by Jonathan Sturdee
As Americans, we love our tech devices. We just can’t get enough of them – be it a cell phone, laptop/desktop, tablet, game console, etc. We use them all the time in our everyday lives and we are constantly buying new ones to play with, such as the newest iPhone or game console. We love to get new things.
But computers are a different story. According to ComputerHope.com “studies conclude that users should replace their computers at least every 4 years.” This seems fairly accurate for most people with decent computers, with the exception being people who know how to build them and can simply replace old parts. But for most people (myself included), we don’t know how to replace old parts to keep our computers running fast and usable. We simply wait until our computer gets to the point where it is basically unusable, then go spend $400-500 on another one. Now I don’t know about you, but I certainly don’t have that kind of money just laying around waiting for me to go blow it on a fancy new laptop or desktop. I would much rather figure out what’s wrong with my computer and fix the problem, and as a last resort scrounge some money together to go buy a new computer.
There are numerous ways that you can attempt to fix your computer. You can try an anti-malware software such as Avast or BitDefender, which both have very good free options. Or you can use Windows Defender, which is the default anti-malware software for Windows 10 and probably what your computer is already running, unless you installed another anti-malware software. All three are viable options that could help prevent most malware from infecting your computer; they will also scan it to make sure everything is running the way it’s supposed to. (My website (http://jonathansturdee.com/) has links for where to download and how to use these anti-malware/cleaning options.) But for older computers this probably won’t make it run any faster, because over time your computer will accumulate a large amount of junk files, slowing it down significantly. A good way to try and fix this is by using a cleaning software designed to remove unwanted files from your computer. The best tool for this job would be CCleaner, a free software that can be very useful in removing unwanted files. But unfortunately, this doesn’t work all the time. So last but not least you should try reinstalling Windows.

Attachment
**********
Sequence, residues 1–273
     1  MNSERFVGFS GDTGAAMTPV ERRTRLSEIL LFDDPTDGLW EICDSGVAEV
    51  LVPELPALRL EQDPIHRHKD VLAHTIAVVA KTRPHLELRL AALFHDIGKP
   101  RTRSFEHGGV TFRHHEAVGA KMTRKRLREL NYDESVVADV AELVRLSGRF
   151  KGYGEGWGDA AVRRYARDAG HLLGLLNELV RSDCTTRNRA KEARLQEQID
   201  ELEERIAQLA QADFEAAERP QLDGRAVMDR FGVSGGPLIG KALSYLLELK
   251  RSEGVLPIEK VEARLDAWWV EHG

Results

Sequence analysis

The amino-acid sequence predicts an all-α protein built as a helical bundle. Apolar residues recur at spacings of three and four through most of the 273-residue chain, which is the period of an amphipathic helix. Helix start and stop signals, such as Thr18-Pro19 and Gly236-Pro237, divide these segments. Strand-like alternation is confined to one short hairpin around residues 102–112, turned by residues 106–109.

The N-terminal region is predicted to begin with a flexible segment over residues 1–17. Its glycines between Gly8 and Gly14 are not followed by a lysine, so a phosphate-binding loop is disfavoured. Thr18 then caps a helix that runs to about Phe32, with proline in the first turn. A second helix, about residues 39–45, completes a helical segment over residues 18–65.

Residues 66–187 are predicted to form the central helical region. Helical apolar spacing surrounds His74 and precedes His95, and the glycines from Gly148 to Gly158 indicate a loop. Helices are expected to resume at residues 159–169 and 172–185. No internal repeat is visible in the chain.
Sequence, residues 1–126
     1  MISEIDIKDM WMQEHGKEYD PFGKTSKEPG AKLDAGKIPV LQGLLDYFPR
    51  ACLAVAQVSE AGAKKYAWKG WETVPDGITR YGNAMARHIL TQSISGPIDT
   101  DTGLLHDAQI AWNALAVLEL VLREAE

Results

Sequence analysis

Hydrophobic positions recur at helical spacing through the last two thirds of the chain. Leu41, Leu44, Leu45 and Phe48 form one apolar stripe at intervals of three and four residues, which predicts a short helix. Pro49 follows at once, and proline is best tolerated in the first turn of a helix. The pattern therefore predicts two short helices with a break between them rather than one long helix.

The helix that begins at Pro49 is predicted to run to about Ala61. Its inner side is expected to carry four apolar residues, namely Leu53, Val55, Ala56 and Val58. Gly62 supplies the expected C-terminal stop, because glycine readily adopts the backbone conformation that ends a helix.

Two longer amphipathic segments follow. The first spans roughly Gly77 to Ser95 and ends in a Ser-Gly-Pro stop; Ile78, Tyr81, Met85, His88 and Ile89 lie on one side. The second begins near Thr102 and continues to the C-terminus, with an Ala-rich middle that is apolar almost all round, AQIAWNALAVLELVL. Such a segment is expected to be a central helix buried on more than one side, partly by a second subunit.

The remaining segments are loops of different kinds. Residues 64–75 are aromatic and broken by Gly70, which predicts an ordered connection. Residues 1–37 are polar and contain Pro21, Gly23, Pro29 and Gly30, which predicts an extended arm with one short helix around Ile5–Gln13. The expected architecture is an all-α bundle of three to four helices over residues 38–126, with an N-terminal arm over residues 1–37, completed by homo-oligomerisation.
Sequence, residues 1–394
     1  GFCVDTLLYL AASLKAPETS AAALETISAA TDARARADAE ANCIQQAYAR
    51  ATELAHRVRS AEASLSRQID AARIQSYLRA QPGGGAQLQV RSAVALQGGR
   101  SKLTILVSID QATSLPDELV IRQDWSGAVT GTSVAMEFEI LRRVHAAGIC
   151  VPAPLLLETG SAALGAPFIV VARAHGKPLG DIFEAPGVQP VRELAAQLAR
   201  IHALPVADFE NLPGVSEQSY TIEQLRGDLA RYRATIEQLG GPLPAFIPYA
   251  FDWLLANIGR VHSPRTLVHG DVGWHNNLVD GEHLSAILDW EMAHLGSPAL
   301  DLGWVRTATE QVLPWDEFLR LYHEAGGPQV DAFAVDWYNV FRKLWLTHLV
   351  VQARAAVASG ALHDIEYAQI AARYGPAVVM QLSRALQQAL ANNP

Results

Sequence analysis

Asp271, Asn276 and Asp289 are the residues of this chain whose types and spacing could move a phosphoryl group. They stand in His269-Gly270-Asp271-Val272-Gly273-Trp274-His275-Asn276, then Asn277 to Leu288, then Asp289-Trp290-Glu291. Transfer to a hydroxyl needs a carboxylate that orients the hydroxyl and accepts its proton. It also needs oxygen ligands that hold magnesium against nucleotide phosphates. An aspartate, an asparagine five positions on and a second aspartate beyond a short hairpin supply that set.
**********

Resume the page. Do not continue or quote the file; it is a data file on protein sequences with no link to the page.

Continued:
Luckily, reinstalling Windows 10 is extremely easy. It just takes some preparation beforehand to make sure you’re ready to reinstall. Reinstalling Windows essentially means bringing it back to the way it was when you first bought it, restoring all the factory settings, deleting all the files that have been added since you first started using it. It’s a complete restart, which sounds daunting, but it can work wonders. For example, I recently just reinstalled windows on my HP laptop. I have had it for a little over 3 years and it got to the point where it was pretty much unusable – it would constantly crash, the screen would freeze up, it was basically useless. I first tried to see if I had any malware on my system. Windows Defender said that my system was completely clean and so I tried using CCleaner, which deleted a bunch of useless files. Alas, my computer was still snail speed. So I decided that as a last resort before buying a new computer, I would try reinstalling Windows – I might as well, I was at the point that was I prepared to go buy a new laptop, so it couldn’t hurt to try. Before reinstalling, you’re going to want to backup all of your important files to a portable USB flash drive or hard drive. There is an option when reinstalling to save certain files, but you might as well be on the safe side and copy them to your USB drive. Once that is complete, you can start the reinstall. After about 6 hours (the time for the reinstall will vary), the reinstall was complete and my computer amazingly was as fast as the day I got it. A tutorial on how to do everything that I’ve just described (and links on where to find the anti-malware/ cleaning options and how to use them) can be found on my website listed below.
Jonathan Sturdee is a member of the Information Technology Senior Seminar course and is planning on a career in Information Technology. Website http://jonathansturdee.com/